The International Buddhist Information Bureau (IBIB) is informed that U.S. Congressman Christopher Smith paid a visit to the Very Venerable Thich Quang Do, prominent dissident and Deputy Head of the banned Unified Buddhist Church of Vietnam (UBCV) today, Sunday 4th December. The meeting took place at the Thanh Minh Zen Monastery in Saigon where Thich Quang Do, 76, has been detained under effective house arrest since a government crack-down on the UBCV in October 2003. Congressman Smith was accompanied by the U.S. Consul General Seth D. Winnick and five members of staff. The meeting began at 17.15 and lasted two hours. Congressman Smith is on a 4-day visit to Vietnam during which he has met with government and religious officials as well as religious dissents.
In a phone conversation with Vo Van Ai, IBIB Director and UBCV International Spokesman, Venerable Thich Quang Do said the discussion was extremely friendly and productive, covering a whole range of issues, with a special focus on religious freedom and human rights. Thich Quang Do told Congressman Smith his views on democratic development in Vietnam and the Asia-Pacific region overall. He asked IBIB not to reveal details of the whole discussion, but to make public some of the salient points that emerged during the talks.
During the discussion, Thich Quang Do described the UBCV’s 30 years’ non-violent struggle for religious freedom and human rights, beginning with the immolation of 12 monks and nuns at the Duoc Su Zen Monastery in Can Tho on 2nd November 1975 – the very first public protest in communist Vietnam. He also told Congressman Smith about on-going repression against the UBCV, notably the recent crack-down on members of UBCV representative boards set up in 9 provinces of central and southern Vietnam.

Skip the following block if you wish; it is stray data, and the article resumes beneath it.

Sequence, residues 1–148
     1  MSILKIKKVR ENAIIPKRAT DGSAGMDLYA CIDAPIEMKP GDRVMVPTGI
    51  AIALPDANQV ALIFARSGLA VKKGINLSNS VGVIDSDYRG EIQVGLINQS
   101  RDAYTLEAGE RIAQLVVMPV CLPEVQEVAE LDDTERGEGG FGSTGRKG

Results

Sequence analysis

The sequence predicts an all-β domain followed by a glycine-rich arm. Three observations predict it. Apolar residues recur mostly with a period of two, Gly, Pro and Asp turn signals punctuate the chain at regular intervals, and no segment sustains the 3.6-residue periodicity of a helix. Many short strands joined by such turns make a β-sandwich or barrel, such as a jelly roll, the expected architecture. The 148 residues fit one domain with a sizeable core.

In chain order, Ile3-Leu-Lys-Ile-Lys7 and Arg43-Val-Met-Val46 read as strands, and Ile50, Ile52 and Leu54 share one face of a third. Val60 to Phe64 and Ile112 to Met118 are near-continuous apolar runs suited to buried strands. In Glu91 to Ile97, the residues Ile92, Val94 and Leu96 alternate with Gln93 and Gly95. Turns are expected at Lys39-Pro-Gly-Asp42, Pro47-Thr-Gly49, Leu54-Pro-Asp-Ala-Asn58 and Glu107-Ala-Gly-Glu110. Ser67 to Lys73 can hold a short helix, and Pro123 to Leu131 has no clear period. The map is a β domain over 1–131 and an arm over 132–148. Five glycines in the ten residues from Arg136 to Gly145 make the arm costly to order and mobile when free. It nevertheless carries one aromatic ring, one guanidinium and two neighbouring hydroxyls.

He stressed that the UBCV’s movement not only sought religious freedom for the Buddhist community, but fundamental freedoms and rights for all the people of Vietnam. Vietnam’s grave social and economic problems could never be solved unless all religious and political families were free to participate in the nation’s affairs. Without freedom, human rights and democracy, he said, there could be no sustainable development in Vietnam.
Thich Quang Do also expressed his hopes that the Vietnamese government would realize the vital necessity for change, and implement political reforms. Hanoi has lost the people’s confidence, he said, but they could win it back by taking concrete steps to promote freedom of expression and religion, and by implementing a true process of democratisation and national reconciliation in Vietnam.
He warned Congressman Smith not to be satisfied with mere promises made by the Vietnamese regime, but to look for tangible progress and improvements. Westerners are inclined to take promises at face value, he said, whereas Vietnamese had been fed on false pledges for decades, and found them very difficult to digest. Concrete progress on religious freedom should include the re-establishment of the legitimate status of the UBCV and all other non-recognized religious bodies.
Thich Quang Do also stressed the importance of international pressure to bring about changes in Vietnam. Noting the very strong Resolution on Cambodia, Laos and Vietnam adopted by the European Parliament this week (1.12.2005), he urged the US Congress and the European Parliament to engage in closer cooperation to press for democratic reforms and human rights in Vietnam.
Congressman Chris Smith assured Thich Quang Do that there was widespread concern in the US Congress on the situation of human rights and religious freedom in Vietnam, and pledged to continue personally in pressing for concrete progress in these domains. Recalling that he had supported Vietnam’s designation on the State Department’s list of “Countries of Particular Concern” for its egregious religious freedom violations, he said he would continue to demand the right to existence of the outlawed UBCV.
This is the first time that Congressman Smith has visited Thich Quang Do in Vietnam. Congressman Smith, a Republican from New Jersey, is Chairman of the US House of Representatives’ International Relations subcommittee on international operations and human rights, and a vocal proponent of human rights in Vietnam. He sponsored of the 2005 Vietnam Human Rights Act, which is currently under consideration in Congress, and has held a number of hearings in Congress on human rights and religious freedom in Vietnam. During Vietnamese Premier Phan Van Khai’s visit to Washington DC in June 2005, he held a Congressional Hearing on religious freedom at which IBIB Director Vo Van Ai testified on the situation of the banned UBCV.